Ford EGR systems
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 In our previous page titled "EGR valve" we described in general how the EGR system works, in this page we are going to focus on Ford EGR systems.

In modern Ford vehicles the EGR flow rate is determined by monitoring the pressure across a fixed metering orifice as exhaust gasses pass through it. This system is called Differential Pressure Feedback ( DPFE ) system. The pressure sensor monitors upstream ( before ) and downstream ( after ) exhaust backpressure. This backpressure coefficient is relayed to the PCM and the correct amount of EGR ( duty cycle ) is applied to the EGR vacuum regulator control ( EVR ). By calculating the difference between the two pressures, the PCM determines exactly the EGR flow rate at all driving conditions.
The DPFE is more accurate than early systems because the ECM doesn't have to guess at the upstream pressure coefficient to determine EGR flow rate as the engine drives through various road conditions such as hard acceleration, downshifting, engine misfire, poor fuel combustion etc. All of these conditions will cause the exhaust backpressure to vary and requires more strict and responsive EGR control to limit NOx emission levels.  Note that in this particular system when the check engine light comes on due to EGR system malfunction, most of the time is due to a malfunctioning DPFE sensor.

                                 
                                This is the DPFE sensor, if you suspect that this item is malfunctioning proceed to perform the following tests: Check for reference voltage to the DPFE sensor with the key on ( engine not running ) check for voltage on the harness side of the electrical connector on terminal VREF. It should be between 4.0 and 6.0 volts. If the test results are incorrect, replace the DPFE sensor.  To check the operation of the DPFE sensor check for signal voltage to the sensor, backprobe the correct terminals and check for voltage signal while the engine is running, first at cold temperature and then at warm operating temperature. With the engine cold there should be no EGR therefore the voltage should be approximately 0.20 to 0.70 volts.  As the engine warms up and the EGR is signaled by the computer, the voltage values should increase to approximately 4.0 to 6.0 volts.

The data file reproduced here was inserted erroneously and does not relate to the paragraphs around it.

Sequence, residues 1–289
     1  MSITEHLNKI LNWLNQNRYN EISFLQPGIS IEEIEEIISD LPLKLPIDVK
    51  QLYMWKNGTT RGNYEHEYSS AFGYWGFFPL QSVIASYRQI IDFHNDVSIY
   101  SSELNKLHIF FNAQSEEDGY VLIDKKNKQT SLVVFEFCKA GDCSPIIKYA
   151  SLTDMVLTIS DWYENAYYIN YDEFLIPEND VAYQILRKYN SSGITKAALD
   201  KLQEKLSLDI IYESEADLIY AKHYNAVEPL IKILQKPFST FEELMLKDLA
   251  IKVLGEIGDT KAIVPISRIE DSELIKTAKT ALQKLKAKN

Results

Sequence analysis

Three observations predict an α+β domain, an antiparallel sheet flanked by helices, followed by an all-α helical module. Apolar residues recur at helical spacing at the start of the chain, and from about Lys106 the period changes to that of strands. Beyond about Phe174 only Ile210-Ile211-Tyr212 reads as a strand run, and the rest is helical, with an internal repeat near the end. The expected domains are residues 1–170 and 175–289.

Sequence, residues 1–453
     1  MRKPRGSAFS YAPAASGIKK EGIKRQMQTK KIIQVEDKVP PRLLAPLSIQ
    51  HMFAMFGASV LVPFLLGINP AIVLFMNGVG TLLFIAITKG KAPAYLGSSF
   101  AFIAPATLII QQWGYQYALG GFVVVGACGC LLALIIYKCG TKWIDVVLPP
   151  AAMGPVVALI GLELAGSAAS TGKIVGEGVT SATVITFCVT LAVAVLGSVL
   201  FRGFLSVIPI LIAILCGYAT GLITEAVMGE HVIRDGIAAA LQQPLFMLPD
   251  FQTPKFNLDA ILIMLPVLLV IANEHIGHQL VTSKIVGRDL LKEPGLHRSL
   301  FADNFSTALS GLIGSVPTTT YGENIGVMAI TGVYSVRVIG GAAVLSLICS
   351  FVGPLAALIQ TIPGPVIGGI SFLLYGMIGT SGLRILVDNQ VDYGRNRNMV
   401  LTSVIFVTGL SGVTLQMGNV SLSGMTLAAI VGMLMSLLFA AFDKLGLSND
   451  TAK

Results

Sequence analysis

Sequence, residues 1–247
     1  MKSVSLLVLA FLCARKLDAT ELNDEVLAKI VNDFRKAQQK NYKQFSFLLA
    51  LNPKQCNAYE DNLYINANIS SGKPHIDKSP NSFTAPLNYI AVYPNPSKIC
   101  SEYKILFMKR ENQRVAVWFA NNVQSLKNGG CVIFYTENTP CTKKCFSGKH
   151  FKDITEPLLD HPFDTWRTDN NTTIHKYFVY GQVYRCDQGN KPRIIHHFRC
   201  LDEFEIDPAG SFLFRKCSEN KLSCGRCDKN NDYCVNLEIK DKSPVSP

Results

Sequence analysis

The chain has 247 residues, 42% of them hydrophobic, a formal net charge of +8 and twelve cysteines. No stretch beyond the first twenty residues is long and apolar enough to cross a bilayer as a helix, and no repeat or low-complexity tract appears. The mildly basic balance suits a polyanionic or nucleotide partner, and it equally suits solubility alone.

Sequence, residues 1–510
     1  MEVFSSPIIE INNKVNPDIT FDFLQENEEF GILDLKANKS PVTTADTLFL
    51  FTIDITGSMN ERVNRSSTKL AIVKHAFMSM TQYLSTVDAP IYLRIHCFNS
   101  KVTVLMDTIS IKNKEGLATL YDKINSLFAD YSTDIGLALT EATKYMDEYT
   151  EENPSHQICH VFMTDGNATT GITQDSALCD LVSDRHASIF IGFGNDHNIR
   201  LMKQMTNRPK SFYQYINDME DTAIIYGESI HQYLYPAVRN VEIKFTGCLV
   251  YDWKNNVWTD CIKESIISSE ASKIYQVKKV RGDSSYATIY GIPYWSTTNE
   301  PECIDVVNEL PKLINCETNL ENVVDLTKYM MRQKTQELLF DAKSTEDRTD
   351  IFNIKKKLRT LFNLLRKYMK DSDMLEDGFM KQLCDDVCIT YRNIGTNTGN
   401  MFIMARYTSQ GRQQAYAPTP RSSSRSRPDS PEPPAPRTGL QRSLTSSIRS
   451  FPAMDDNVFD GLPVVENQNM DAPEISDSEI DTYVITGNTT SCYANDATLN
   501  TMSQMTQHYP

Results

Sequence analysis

The OBD-II system can detect a variety of different EGR system problems and set codes to indicate the specific trouble area.  Trouble codes P1400 through P1410 are designated EGR system trouble codes.

Too much EGR flow tends to weaken combustion, causing the engine to run rough or stop. When the EGR flow is excessive, the engine can stop after a cold start or at idle after deceleration, the vehicle can surge at cruising speeds or the idle may be rough. If the EGR valve remains constantly open, the engine may not idle at all.

Too little or no EGR flow allows combustion temperatures to get too high during acceleration and load conditions. This can cause spark knock ( detonation ), engine overheating or emission test failure.


 The EGR valve is controlled by a normally open EGR vacuum regulator ( EVR ) which allows vacuum to pass when energized. The PCM energizes the EVR to turn on the EGR. The PCM controls the EGR when 3 conditions are present:
 1- Engine coolant is above 113 degrees F, 2-the TPS is at part throttle and 3-The MAF sensor is in its mid range.

                              

                                 
                                 This is the EGR valve, to perform a leakage test, hook up a vacuum pump to the vacuum port on top of the EGR valve, apply 5 to 6 in-Hg of vacuum to the EGR valve. The vacuum pump should hold vacuum if the EGR valve is not leaking. If possible, position your finger tip under the vacuum diaphragm as you apply vacuum to the valve, you should feel movement of the EGR valve as you apply vacuum to it. If the valve is sluggish due to carbon build-up, you can clean it by first removing it from the vehicle, clean the inlet and outlet ports with a wire brush or a scraper, do not sandblast the valve or use solvents or gasoline to clean it, these liquids will destroy the EGR diaphragm. 



                                  
                                  This is the Electronic vacuum regulator ( EVR ), this item is used to control the amount the amount of exhaust gas through the EGR valve. The valve is normally open ( engine at operating temperature ) and the vacuum source is a ported signal. The PCM uses a controlled "pulse width" or electronic signal to turn the EGR on and off ( duty cycle ).
The duty cycle should be zero percent ( no EGR ) when the vehicle is in Park or eutral,when the TPS is below the specified value or when wide open throttle ( WOT ) is indicated. To check the EGR vacuum regulator ( EVR ) disconnect the electrical connector and turn the ignition ON, ( engine not running ) to check for battery voltage. 
 Next, use an ohmmeter to check the resistance of the EVR , it should be between 30 and 70 ohms.